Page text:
Mirko Lorenz is the Innovation Manager on the New Media department of Deutsche Welle, the most important German media outlet. He is also a coach for innovation programs, a talented lecturer on technology and journalism and a restless entrepreneur. Besides working with DW, he is the CEO of Journalism++, a data-driven storytelling agency. Mirko is an advocate of meaningful use of data by the newsroom – his most recent work is Pollyvote, an analytic tool which aims to predict the US Election results.
1. Can you explain a little bit about your job at Deutsche Welle?
I am part of a team which has a double role: we are looking for technologies that might be relevant for the newsroom and we look at what newsrooms are doing in order to connect them with technology.
2. How do you think technology has changed the way we do journalism in the last few years?
There was always a technology element enabling media, whether a printing machine or satellites. Now it is more fragmented: there are more tools out there and it takes some time to go through them. But in the end they are just tools – a new hammer, a new saw, a new drill. The trick is to find a power drill. And I think that when you use them wisely and connect them with journalists with expertise, you can do big things. And that is a big change. It takes more time to dig into it and at the same time not being too confuse, because the tools don’t make better journalism per se. If you smartly use them, you can differentiate yourself. It is more a calibrating job that is changing very quickly. I can potentially tell you some tools now and then another few tools in six months will come up, for the pace is relatively high.
3.How do you see the role of social networks on providing data and information to journalism?
I see it as a bit critical. I understand that social networks are really popular, because they provide a mobile way of seeing stuff and connecting with your friends, but the role of news media in that needs to be defined. I am critical of that because, by using some content and sharing tools on some social media, I am giving away too much of my thinking. The problem is, in my point of view, journalists are too inactive. They wait for Facebook, for instance, to simplify and distribute their content to the audience and then the content is away. It is a good way to reach people, but innovative technology used to tell really relevant stories should be reinforced.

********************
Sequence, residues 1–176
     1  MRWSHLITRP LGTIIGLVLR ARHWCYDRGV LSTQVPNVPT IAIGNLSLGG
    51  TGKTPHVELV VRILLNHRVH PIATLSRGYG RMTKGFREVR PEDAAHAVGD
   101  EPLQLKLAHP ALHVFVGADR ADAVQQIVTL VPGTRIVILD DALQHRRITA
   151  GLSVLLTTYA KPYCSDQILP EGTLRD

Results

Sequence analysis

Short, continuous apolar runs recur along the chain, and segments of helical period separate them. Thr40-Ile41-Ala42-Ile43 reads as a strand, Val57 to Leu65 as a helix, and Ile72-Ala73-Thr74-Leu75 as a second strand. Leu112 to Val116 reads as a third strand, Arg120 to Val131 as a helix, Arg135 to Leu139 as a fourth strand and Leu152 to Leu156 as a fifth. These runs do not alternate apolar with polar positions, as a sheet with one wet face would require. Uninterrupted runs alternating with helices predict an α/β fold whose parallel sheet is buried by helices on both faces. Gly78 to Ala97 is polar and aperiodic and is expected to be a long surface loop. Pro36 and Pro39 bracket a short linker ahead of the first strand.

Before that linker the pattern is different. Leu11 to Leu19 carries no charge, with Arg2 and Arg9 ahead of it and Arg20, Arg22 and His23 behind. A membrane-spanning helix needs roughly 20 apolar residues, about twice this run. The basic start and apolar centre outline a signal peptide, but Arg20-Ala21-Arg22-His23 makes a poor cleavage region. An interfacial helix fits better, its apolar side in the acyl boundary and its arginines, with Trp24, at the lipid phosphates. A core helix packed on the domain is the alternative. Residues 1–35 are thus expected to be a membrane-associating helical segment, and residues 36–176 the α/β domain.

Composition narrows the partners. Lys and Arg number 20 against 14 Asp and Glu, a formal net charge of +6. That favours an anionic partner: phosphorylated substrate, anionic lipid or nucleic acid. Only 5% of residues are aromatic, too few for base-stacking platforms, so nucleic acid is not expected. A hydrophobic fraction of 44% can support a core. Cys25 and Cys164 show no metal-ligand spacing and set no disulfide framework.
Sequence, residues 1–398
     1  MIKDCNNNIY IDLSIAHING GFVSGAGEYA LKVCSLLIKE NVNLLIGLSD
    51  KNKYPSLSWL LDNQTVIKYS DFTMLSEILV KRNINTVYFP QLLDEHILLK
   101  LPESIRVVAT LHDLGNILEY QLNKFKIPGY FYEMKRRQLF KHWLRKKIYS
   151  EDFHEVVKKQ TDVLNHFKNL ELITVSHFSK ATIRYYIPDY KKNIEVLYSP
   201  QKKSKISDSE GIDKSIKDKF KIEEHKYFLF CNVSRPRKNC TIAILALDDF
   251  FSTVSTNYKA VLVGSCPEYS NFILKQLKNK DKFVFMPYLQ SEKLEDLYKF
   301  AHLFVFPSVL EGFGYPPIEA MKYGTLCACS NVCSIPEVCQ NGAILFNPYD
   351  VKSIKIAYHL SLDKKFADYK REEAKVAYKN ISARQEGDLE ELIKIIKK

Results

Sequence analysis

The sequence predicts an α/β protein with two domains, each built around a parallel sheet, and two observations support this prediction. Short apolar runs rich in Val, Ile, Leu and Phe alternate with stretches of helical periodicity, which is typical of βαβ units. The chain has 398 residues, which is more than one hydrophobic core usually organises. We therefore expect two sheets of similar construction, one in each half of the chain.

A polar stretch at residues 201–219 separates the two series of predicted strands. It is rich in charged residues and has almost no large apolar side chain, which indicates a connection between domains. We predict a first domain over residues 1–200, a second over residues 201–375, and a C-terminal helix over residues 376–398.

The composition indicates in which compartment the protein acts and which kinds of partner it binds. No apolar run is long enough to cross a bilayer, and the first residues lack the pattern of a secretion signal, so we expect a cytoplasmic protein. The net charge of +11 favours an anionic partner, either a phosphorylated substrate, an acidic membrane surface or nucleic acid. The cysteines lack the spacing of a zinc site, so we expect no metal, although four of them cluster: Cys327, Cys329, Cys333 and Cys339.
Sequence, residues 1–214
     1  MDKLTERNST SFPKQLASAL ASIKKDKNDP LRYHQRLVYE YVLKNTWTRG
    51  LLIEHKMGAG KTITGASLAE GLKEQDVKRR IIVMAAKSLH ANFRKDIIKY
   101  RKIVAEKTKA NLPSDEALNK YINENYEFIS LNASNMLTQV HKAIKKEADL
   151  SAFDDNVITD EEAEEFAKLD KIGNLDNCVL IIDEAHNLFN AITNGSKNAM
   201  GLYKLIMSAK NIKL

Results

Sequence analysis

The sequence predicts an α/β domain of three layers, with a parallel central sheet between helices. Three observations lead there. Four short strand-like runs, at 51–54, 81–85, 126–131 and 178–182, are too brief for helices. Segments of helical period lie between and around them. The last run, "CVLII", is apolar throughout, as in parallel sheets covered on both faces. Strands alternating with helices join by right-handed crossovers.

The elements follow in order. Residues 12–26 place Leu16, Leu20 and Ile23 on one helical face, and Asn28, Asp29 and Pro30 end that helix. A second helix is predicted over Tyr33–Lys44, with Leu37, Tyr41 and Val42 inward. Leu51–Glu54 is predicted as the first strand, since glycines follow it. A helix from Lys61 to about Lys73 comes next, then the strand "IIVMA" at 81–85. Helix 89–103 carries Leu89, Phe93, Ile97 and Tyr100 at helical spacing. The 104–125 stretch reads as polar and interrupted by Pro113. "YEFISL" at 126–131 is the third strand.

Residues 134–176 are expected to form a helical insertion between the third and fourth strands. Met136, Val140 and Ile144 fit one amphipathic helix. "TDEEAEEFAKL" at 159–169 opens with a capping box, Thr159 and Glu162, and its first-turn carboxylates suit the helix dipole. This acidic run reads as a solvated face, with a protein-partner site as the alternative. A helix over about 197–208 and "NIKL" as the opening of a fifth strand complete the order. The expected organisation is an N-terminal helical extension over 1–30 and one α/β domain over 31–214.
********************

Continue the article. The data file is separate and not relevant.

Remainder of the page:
4.Our platform, Horyou, is a social network for social good, and it supports organizations and non-profit projects. How do you see the marriage between social networks and social innovation?
I think we can learn from the success of Facebook, specifically for NGOs, public relations, journalism, which are all flavors of trying to reach out for some causes. Some are better, some are commercial, some are social, but what we can learn is that users will decide. A lot of NGOs are still trying too hard to push their causes and thinking old school, like “we do a press release, provide photos and so on, and then somehow we will be picked up”. That is changing. A very smart NGO can by now think like a journalist and reach out audiences on their terms. You don’t need media as much as you needed it five years ago. Because if you really find a good way to connect with an audience informing them, drumming them up for your cause, that is a million followers. You don’t need a press release to do that. On the other side, it shouldn’t be degraded into something that is just PR. It is always a balance act to do that right. What is the right way to work for this cause? Are we making misjudgment? Are we doing it right? Are we achieving our goal? And another thing I see on NGOs is that they don’t share their practices enough: if one NGO is thinking of its causes in Brazil for deforestation and there is another one in Vietnam talking about deforestation, why don’t they join courses on the technology base?
Our conversation with Mirko Lorenz was very inspiring! We, from Horyou, also believe in the power of connections and technology to building meaningful and positive projects. As the social network for social good, we keep developing innovative tools and content to support our community to connect for good.